Top 5 Reasons for Opening the Emergency Exit Door
1. Take this job and shove it.
The #1 spot in our countdown goes to the man who exited a plane with the greatest flare of drama and sass.
This story takes us back to August 2010 onboard a JetBlue flight which had just landed at JFK airport in New York. An argument between two passengers that had apparently begun during the flight’s departure from Pittsburg erupted again when the flight landed in New York. An impatient passenger got up from her seat to retrieve her luggage from the overhead compartment while the plane was still taxiing down the runway.
Flight attendant (and my personal hero), Steven Slater, approached the passenger and asked her to take a seat. Rather than complying with the safety regulations and taking her seat the passenger (accidentally? maliciously?) hit Slater on the head with her luggage. He demanded an apology but the passenger allegedly replied with profanity.
And here’s where the story gets good. Rather than replying to the passenger directly Slater opted to make a public announcement over the intercom. Slater maintains that he simply said “To those of you [who] have shown dignity and respect these last twenty years, thanks for a great ride.” However, other reports indicate that he offered a more expletive laden farewell ending with “I’ve had it. That’s it.”
Regardless of his choice of words it was the manner of his departure which brought him fame, even adoration. After grabbing his luggage and two beers from the galley, Slater opened the emergency exit and made a ridiculously fabulous exit down the slide. He hopped on the AirTrain shuttle which he rode to the employee parking lot then drove home where he was later arrested on charges of criminal mischief, criminal trespass and reckless endangerment. Despite the fact that he was facing up to seven years in prison if convicted, Slater had a huge smile on his face at the time of his arrest. He didn’t appear to regret his decision one bit. After dedicating his career to the airline industry from the age of 19 to 38, Slater made one hell of an exit.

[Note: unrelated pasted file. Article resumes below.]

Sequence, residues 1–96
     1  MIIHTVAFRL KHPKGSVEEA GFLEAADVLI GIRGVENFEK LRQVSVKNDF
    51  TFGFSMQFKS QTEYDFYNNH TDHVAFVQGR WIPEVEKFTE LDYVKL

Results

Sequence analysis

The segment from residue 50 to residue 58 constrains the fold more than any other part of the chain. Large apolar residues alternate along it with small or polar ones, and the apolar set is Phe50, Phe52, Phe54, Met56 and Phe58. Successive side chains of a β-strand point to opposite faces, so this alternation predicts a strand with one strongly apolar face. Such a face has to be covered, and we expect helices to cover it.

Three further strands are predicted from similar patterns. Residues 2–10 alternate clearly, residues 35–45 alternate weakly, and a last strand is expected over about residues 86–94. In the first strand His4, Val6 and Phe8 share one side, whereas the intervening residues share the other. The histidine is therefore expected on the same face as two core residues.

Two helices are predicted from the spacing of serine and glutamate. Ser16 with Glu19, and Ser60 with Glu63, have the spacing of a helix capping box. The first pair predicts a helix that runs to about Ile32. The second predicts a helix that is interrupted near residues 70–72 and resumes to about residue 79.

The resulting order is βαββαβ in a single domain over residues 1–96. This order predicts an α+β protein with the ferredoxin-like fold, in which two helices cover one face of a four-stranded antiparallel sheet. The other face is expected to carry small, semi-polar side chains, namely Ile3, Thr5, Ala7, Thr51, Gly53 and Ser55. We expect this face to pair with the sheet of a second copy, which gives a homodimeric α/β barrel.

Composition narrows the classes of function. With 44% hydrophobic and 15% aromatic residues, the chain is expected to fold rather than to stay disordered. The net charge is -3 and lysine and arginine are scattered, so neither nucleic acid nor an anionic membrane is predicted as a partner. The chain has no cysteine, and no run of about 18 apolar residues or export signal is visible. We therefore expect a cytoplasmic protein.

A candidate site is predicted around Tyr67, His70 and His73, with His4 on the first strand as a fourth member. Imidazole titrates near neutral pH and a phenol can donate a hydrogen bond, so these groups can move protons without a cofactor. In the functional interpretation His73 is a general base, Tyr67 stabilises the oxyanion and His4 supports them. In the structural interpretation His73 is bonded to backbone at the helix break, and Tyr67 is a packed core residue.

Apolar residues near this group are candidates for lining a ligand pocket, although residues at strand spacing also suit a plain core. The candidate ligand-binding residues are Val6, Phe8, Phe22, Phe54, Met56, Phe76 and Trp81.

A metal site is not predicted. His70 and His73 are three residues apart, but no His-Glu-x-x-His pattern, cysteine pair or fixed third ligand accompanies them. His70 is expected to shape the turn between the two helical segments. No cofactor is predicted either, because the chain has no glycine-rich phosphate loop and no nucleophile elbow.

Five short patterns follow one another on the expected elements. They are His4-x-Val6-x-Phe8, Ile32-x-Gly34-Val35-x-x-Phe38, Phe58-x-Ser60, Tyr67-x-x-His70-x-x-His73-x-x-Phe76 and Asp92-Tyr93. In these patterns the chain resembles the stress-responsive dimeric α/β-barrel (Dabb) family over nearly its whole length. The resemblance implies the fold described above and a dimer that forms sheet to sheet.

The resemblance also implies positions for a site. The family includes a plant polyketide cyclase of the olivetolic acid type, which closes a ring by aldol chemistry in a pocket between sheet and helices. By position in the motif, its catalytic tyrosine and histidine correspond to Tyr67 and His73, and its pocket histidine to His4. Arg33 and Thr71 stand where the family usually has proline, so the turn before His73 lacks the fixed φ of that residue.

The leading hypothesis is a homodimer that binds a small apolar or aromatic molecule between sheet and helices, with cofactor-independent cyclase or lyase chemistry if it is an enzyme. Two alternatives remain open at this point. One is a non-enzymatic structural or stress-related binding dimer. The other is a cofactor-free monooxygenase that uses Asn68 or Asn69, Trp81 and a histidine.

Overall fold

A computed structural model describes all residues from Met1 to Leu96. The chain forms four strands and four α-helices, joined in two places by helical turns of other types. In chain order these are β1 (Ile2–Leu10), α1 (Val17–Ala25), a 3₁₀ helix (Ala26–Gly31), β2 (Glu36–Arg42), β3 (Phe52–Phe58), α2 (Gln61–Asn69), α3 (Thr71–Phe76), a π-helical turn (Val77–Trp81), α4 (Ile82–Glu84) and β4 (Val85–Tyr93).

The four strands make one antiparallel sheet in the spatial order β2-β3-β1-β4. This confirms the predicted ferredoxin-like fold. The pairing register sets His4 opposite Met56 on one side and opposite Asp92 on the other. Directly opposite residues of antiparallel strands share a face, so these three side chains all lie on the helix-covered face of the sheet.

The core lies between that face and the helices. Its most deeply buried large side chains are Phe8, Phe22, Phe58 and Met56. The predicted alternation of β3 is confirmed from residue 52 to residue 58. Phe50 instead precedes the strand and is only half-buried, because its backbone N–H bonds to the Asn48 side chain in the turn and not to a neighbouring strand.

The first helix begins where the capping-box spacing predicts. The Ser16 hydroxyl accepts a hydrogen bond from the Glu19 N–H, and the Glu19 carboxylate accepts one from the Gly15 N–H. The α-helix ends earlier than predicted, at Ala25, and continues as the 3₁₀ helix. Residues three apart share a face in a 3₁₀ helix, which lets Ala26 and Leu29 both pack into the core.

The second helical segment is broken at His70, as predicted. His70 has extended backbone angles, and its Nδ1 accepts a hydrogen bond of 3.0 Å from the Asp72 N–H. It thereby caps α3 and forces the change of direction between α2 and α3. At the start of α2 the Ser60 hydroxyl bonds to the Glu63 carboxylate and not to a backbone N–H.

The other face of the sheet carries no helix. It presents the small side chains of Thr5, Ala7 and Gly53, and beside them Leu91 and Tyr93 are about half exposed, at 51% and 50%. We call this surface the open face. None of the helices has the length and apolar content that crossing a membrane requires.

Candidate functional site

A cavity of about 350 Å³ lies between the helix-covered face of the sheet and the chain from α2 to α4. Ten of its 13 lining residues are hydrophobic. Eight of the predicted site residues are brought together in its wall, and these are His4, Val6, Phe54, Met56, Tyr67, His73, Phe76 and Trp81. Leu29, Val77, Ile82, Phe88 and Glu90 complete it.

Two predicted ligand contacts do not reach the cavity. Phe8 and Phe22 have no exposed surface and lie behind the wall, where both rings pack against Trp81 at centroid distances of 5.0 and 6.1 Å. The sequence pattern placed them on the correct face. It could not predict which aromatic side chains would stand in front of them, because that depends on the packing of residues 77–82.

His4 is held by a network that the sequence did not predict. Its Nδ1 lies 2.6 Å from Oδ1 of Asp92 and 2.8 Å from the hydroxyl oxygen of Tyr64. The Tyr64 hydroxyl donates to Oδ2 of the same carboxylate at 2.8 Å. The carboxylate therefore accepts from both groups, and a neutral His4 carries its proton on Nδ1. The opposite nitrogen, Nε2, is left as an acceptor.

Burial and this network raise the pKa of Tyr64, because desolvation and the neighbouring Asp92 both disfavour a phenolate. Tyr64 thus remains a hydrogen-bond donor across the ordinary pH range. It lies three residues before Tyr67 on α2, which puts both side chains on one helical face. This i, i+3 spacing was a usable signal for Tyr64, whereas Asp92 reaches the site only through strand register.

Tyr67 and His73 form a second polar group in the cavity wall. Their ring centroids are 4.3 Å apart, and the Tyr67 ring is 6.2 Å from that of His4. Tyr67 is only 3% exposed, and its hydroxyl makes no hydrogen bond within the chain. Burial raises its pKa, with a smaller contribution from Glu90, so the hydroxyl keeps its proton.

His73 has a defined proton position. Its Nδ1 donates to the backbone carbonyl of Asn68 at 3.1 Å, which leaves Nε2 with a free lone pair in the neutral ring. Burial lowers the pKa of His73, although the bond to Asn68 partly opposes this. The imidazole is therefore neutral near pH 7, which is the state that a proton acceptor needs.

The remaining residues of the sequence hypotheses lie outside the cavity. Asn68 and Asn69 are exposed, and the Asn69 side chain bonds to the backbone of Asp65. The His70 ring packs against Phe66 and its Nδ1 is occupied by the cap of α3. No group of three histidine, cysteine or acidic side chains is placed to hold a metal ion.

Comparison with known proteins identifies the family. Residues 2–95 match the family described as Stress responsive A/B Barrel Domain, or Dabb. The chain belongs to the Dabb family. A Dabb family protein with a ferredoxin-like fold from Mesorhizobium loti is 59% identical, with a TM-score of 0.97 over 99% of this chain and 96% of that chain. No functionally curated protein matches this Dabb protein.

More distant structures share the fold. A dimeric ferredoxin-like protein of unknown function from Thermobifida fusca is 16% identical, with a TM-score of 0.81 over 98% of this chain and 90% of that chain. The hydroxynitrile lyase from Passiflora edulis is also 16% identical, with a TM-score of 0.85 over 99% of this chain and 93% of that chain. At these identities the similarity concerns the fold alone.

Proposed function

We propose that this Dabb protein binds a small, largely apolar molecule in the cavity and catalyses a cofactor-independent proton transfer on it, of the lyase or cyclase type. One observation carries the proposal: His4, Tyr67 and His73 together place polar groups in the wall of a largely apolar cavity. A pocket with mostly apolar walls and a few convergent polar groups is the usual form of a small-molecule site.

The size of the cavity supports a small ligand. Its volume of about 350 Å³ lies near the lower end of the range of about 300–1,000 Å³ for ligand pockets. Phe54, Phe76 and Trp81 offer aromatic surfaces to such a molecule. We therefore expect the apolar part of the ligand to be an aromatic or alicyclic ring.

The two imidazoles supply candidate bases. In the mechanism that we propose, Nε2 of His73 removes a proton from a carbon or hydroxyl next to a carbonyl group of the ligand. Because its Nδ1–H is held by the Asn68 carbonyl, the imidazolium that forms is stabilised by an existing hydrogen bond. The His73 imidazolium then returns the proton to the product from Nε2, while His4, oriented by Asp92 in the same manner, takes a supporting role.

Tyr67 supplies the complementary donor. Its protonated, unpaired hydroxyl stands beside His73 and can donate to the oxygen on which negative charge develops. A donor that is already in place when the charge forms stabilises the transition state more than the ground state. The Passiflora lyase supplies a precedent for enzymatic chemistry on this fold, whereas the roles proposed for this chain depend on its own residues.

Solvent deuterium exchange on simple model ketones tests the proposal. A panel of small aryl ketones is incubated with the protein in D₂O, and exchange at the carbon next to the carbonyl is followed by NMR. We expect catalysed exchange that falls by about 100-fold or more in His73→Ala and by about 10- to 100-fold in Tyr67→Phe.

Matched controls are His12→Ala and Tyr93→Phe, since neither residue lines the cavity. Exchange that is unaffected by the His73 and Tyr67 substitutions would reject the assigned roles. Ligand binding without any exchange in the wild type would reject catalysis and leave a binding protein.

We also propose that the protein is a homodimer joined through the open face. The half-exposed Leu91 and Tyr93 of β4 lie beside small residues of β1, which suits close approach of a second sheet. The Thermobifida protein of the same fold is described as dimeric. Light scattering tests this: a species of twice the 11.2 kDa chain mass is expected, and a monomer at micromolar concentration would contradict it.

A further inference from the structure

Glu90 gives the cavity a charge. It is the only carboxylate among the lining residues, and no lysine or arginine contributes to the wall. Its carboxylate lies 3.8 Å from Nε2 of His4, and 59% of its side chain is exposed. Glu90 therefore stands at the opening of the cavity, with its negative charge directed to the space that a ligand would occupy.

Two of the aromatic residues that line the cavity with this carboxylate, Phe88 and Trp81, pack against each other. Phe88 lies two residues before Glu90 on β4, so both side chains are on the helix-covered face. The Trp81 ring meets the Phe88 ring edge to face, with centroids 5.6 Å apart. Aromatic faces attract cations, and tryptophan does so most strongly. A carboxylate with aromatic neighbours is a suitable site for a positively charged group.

As someone who has worked in the (sometimes brutal) customer service sector of the tourism industry for over 10 years I can’t say that I blame him one bit. Steven Slater, if I had one of your stolen beers from the airplane galley, I would raise a toast to you. No real harm was done and JetBlue had assured that no passengers or crew were ever in danger. Criminal Mischief? More like Mischief Managed.
Natalie Cavanaugh says
If that was ship, both parties would be terminated for violence.
Oh these flight attendants and their crazy shenanigans. Now apparently a Chicago-bound United plane turned back to Raleigh Durham airport when two flight attendants nearly broke out in a brawl! The pilot told the control tower there was an assault on board though police later concluded "no blows were exchanged."
The article also states "Wednesday's incident on United comes exactly a week after an American Eagle flight was delayed for almost four hours because two flight attendants got into a verbal altercation on board."
Nat – Ain't that the truth!